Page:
And the main lesson here about doing the work? You can watch all the videos you want, read every pastelling book, attend workshops, but until you actually paint and paint fairly consistently, you won’t learn and develop as an artist.

So away with the excuses, the fears, the resistance to actually painting.  Get in the studio and PAINT!!

 

Remember, all my 31-in-31 pieces are available at half price for October and November so grab them while you can! Some have already sold but there are lots left. Just shoot me an email if you’d like to purchase or if you have any questions.

 

 

If you’re participating in the 31-in-31 challenge, I’d love to hear the best thing it’s done for you!! And please let me know if seeing the progression was helpful.

Until next time,

Gail

 

14 thoughts on “Doing The Work – The Best Thing About The 31-in-31 Challenge!

  1. Diane Mannion

    Gail, the best thing of the 31 in 31 days challenge was discovering how to simplfy my materials for sketching in the field. A handful of Nupastels and a piece of Canson Mi-teintes taped to a board worked wonders. By limiting myself I learned how to push these materials to new extremes. It will be exciting to get back to soft pastels and sanded paper with this new knowledge in my pocket.
    Thank you for this challenge and thanks to the warm community of artists posting online. Diane

    Reply
    1. Gail Sibley Post author

      This is fantastic to hear Diane! I love that you are pushing yourself by simplifying materials and finding out what they can do. And then the reward of soft pastels and sanded paper awaits! Thanks for being part of the Challenge and the warm community!

      Reply
  2. Ruth Burley

    The 31in31 day challenge has been very “challenging” for me. As you said, it’s very often hard to find time, so I’ve been easy on myself. BUT, it has motivated me to finish paintings started months ago, to try different types of paintings, to try different techniques, to experiment with different papers. Also, to see other artists from around the world share their paintings, struggles, growth, and love of pastels is exhilarating, and has again shown me how we are all the same human folks where ever we are on this planet. I’ve learned so much on this challenge. And I thank you for hosting it. The progression is always helpful to me since I’ve had only casual classes and can always appreciate knowing the mechanics behind yours and others wonderful paintings…. THANK YOU!!! P.S. I found my pic of looking at a painting, and I’m figuring out the best way to get it to you. Again, no pressure, no expectations.

    Reply
    1. Gail Sibley Post author

      Hi Ruth, Love your exuberant response! And yes to all those things you mentioned. It’s so fantastic to share with people all over this beautiful earth and yes, we are all human folk! Glad you have learned much on the Challenge and glad the progression was helpful 🙂

      Reply
  3. Ralph Klapis

    As a beginner, Just one of the benefits of the 31in31 challenge has been to almost instantly double my lifetime output! But each day, standing at the easel becomes more and more natural, and it gets a little easier to put that first mark on the paper. I haven’t posted every day, but I’ve worked a little each day, and really surprised myself a few times. Just doing the work, indeed! Thanks for all your enthusiasm and inspiration!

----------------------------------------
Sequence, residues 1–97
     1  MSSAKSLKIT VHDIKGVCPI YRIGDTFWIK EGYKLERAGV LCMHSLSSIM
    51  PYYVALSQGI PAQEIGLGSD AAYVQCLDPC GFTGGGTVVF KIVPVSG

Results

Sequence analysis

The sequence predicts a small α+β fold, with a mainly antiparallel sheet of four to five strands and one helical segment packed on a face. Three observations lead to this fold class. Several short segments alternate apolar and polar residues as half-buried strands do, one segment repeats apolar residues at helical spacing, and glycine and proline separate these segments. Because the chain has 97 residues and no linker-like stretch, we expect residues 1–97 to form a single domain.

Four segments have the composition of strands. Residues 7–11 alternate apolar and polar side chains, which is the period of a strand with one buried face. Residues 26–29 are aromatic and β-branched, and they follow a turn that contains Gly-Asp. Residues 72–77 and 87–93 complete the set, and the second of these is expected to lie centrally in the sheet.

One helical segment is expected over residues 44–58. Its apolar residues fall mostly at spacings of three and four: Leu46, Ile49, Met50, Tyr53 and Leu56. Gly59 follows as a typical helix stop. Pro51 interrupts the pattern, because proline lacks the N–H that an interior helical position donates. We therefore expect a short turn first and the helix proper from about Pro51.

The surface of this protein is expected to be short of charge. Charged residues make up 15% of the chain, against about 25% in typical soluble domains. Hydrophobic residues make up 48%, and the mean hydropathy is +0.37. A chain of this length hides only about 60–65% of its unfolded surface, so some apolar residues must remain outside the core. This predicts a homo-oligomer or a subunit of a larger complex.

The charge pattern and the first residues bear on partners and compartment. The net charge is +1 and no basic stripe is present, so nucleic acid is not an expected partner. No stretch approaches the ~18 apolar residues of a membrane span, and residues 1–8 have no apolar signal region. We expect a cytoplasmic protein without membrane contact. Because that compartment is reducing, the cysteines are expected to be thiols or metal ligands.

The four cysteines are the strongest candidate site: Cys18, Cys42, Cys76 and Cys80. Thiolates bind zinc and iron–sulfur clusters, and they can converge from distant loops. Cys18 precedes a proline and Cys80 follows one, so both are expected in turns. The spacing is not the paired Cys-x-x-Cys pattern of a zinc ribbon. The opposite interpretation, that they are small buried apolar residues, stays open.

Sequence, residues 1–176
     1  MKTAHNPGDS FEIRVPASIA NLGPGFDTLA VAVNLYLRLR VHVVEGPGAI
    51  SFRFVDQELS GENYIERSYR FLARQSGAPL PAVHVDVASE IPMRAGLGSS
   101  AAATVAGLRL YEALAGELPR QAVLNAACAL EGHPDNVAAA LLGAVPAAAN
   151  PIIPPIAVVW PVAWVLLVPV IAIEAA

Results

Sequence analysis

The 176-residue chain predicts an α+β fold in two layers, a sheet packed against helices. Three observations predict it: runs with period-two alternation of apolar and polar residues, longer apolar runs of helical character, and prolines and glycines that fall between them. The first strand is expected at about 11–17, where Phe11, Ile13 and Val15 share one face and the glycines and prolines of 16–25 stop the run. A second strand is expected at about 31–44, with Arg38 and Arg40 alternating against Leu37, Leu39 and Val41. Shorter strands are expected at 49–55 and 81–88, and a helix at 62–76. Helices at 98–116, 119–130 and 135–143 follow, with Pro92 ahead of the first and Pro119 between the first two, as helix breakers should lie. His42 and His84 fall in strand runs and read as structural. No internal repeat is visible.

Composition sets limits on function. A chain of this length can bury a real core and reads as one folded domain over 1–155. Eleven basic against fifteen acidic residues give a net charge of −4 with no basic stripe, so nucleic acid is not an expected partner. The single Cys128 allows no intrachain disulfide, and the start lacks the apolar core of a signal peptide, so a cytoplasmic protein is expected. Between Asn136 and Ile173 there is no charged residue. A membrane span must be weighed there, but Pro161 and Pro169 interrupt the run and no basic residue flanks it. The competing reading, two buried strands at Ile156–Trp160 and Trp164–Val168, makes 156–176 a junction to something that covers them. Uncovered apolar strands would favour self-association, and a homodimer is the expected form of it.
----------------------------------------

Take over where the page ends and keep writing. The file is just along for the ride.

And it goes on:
Reply
    1. Gail Sibley Post author

      Oh that’s so wonderful to hear Ralph especially the part about “standing in front of the easel becomes more and more natural”. Soon it will be a habit that cannot be ignored! Working everyday, even for a short while, is what it’s all about 😀

      Reply
  4. Marsha Schauer

    The 31in31 day challenge has made painting a priority , which is good. I hope a new habit has been formed. As a brand new artist, practice practice practice is what I need to do. Love Kandinsky, saw an exhibition of his work at the Guggenheim in New York City a few years ago.

    Reply
    1. Gail Sibley Post author

      That’s fantastic Marsha. And yes, as you say, hope the habit sticks. That will be up to all of us though, to keep putting pastel to paper, to keep that a priority!
      How great to see a whole exhibition of Kandinsky’s work. He certainly broke new ground!

      Reply
  5. Helen Stephenson

    This challenge has helped me prioritize my painting and look for ways to make it easier to do. I now carry supplies in my car so I’m always ready for some plein air. It has also motivated me to submit three pieces in our local gallery for a December exhibit. Completely out of my comfort zone but done because of my participation in the 31 in 31 challenge!

    Reply
    1. Gail Sibley Post author

      That’s wonderful to hear Helen – that you were moved out of you comfort zone by 31 in 31 challenge. Brilliant! That’s where good things come.
      And great idea to carry art supplies in the car. Good for you!

      Reply
  6. Gina Carstens

    Already my second October challenge! The best thing? I normaly use to start from a photo, but during the challenge I painted more and more from IMAGINATION. I find this so fascinating that I would like to explore it further. Thank you Gail Sibley and all the nice people on HowToPastel for the likes and encouraging comments.

    Reply
    1. Gail Sibley Post author

      Gina I love that the challenge took you into work from your imagination. And they were stunning!! I hope you continue to explore this genre.

      Reply
  7. Diane O'Brien

    Hi Gail Thank you for organising the 31in 31days challenge. I wasn’t sure if I could do it but I became addicted. I haven’t done anything today so I’m having withdrawals but there is still time.☺I loved interacting with the other artists and it was great to see what others were painting. Got some great ideas for subjects and techniques. I feel that I have progressed as an artist and I am keen to try new things. So glad I participated. Thanks again. Loved all your paintings by the way.
    Diane O’Brien

    Reply
    1. Gail Sibley Post author

      And I’m so glad you participated too Diane especially hearing about all those benefits. It really is marvellous isn’t it?! Keep painting 🙂
      And thank you for the compliment about my paintings. I was pretty pleased with them.

      Reply